UN Pension Blog has recently received word that the unfilled posts related to the almost $2 million under-expenditure in staff and technology by the Fund in the last biennium are at the P level on the Investment side of the Fund (apparently there are 20 unfilled posts at the end of the 2014-2015 biennium. It's unclear that all 20 remain unfilled as of now and whether they're all indeed on the Investment side. Anyone who can shed light, please do). On hedge funds, the Fund's report to the Fifth Committee, A/70/325, notes on page 67: "By the end of 2015, the Fund expects to be committed to 30 to 40 private equity and hedge fund managers. An additional Investment Officer for Alternative Investments was approved and is being added to the team. A request for proposal to hire a hedge fund non-discretionary adviser will be published later in 2015." Does any of this mean the Fund is moving toward more or fewer riskier investments such as hedge funds? Again, anyone who can shed light, please do).
Apparently what are needed to address the current very serious backlog are additional support level posts in the Fund Secretariat. We're told that acquiring these posts requires approval by the Pension Board, hence the call in the recent CCISUA/FICSA/UNISERV letter for an urgent extraordinary meeting of the Board, which the letter states has so far been declined by the Board Chair. (Quote: "To this end we call on the Chair of the Board, Mr. Olusoji Adeniyi, to call for an urgent extraordinary meeting to address the current situation and make sue it never happens again. We regret that to date he has declined to hold such a meeting").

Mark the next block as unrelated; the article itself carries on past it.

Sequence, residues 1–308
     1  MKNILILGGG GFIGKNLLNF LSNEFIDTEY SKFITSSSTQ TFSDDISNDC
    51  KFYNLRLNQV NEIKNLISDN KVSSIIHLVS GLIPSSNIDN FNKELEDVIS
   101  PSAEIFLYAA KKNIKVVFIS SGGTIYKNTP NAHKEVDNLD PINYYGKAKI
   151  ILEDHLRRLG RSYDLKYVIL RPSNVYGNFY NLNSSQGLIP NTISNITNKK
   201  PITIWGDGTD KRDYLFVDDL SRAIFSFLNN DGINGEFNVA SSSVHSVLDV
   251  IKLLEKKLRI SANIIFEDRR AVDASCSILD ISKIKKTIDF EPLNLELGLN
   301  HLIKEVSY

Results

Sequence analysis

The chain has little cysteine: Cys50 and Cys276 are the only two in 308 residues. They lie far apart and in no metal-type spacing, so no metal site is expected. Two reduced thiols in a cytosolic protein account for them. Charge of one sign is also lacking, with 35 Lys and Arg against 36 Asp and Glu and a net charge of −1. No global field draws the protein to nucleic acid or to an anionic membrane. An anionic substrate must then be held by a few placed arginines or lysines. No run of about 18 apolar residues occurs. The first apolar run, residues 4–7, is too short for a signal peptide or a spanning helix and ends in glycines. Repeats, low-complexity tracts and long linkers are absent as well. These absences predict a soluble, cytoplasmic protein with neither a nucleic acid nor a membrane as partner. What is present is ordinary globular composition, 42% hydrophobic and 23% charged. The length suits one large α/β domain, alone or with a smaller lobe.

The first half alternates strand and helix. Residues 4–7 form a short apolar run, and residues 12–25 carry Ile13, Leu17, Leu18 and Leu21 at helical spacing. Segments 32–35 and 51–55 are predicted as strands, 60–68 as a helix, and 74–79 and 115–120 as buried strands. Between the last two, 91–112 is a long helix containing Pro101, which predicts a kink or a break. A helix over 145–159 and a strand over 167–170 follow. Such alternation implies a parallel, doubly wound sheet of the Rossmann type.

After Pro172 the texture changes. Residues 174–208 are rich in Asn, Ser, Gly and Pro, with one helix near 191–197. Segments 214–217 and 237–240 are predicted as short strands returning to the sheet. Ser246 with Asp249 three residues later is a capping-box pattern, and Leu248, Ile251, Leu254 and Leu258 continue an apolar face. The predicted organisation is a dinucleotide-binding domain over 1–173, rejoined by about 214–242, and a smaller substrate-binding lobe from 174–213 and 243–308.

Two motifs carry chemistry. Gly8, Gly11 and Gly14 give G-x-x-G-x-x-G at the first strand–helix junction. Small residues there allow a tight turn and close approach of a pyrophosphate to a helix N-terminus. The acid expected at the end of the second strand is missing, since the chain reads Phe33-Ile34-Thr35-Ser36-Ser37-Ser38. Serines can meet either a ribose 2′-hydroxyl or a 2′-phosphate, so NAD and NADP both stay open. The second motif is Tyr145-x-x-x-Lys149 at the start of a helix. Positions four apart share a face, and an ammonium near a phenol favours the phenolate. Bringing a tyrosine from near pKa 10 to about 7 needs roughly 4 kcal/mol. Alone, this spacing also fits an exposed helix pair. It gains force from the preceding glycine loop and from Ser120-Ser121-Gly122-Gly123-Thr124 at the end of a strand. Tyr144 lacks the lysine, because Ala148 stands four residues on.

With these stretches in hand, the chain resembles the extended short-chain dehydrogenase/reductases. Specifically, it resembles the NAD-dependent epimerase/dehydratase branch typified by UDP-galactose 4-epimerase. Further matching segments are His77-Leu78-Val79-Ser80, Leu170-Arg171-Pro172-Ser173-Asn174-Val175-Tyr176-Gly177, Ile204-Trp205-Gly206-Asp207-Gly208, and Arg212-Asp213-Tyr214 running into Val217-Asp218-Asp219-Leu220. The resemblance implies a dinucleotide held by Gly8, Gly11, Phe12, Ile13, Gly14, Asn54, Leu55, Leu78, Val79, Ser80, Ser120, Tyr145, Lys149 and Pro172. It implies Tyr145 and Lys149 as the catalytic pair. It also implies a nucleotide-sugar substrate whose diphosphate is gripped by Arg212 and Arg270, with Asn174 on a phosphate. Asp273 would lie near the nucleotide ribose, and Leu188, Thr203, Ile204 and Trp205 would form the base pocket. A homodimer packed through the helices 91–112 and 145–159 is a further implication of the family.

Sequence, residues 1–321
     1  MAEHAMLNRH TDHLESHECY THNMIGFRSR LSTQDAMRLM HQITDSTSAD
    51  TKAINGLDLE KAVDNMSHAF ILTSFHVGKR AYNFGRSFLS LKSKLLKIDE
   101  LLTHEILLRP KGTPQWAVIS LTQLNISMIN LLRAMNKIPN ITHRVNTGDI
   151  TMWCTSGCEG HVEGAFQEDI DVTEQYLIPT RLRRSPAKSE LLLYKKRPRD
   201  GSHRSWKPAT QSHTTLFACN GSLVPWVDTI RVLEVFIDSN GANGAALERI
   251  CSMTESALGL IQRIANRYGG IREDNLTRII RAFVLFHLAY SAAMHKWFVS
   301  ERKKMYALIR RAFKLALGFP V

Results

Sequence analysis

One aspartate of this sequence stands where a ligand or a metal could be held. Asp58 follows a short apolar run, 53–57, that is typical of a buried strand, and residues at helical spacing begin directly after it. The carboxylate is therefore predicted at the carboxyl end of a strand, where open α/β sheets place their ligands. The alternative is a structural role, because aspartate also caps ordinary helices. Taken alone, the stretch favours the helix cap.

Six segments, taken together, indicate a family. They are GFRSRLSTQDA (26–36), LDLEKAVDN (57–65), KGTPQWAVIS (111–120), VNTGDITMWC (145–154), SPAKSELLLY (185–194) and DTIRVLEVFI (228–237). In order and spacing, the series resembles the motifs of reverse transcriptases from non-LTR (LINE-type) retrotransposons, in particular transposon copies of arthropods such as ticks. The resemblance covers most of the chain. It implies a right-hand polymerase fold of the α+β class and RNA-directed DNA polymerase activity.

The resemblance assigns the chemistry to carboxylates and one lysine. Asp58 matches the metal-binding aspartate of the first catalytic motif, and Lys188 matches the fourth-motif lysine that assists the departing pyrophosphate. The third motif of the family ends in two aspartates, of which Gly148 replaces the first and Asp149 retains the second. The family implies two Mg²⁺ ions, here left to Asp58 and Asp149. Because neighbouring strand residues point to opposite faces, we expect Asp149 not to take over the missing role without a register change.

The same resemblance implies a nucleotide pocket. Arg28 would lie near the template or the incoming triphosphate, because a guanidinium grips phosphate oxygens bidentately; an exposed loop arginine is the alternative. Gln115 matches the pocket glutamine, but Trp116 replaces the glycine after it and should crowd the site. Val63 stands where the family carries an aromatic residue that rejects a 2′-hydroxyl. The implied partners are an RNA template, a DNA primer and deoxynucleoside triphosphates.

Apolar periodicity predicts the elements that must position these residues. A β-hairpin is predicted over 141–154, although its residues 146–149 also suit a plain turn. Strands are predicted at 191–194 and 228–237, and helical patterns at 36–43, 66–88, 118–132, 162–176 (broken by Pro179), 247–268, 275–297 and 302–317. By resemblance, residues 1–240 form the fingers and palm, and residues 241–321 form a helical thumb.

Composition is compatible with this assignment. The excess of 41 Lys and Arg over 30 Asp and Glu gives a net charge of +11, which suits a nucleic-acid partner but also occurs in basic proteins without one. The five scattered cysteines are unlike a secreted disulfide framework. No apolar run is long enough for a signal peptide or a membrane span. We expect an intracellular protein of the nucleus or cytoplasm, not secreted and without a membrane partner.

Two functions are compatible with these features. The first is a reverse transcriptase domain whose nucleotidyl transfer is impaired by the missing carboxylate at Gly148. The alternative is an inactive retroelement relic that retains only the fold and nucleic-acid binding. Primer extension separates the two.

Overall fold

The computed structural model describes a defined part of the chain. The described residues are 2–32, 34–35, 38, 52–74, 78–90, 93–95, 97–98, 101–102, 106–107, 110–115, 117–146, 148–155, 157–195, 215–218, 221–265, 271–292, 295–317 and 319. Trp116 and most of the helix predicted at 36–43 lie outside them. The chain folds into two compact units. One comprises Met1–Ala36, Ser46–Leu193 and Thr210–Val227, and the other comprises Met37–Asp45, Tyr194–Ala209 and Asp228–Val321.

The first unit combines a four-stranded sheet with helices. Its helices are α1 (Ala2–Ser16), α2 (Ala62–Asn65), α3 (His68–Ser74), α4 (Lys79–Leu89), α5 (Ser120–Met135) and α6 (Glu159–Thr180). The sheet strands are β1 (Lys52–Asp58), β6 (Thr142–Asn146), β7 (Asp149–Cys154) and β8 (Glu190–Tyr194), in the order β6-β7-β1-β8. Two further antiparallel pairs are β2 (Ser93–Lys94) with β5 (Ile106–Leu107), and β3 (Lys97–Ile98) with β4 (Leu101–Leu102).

Our staff organizations -- CCISUA, FICSA, and UNISERV -- deserve utmost credit. What they're doing on behalf of the 120,000 participants and beneficiaries of our Fund, particularly for those who are suffering very serious delays in disbursement, by cutting through the morass of misinformation to get to the root of the situation (mismanagement in the Fund) and trying to have it addressed, is an incredibly difficult feat.
Let's face it: they're confronted with a situation where actors at the highest levels, in the Administration, the Fund, the Board, staff organizations (there have been some divisions in the staff organizations as well until the recent unified action), our representative bodies such as AFICS/FAFICS, are lined up on opposite sides of the issues, some working at cross-purposes, and clearly misguided if they believe they're holding the health and welfare of the Fund as their first priority. In this murky environment of power politics gone awry, the united efforts of the heads of our staff organizations are courageous and even heroic and we cannot commend and encourage them enough.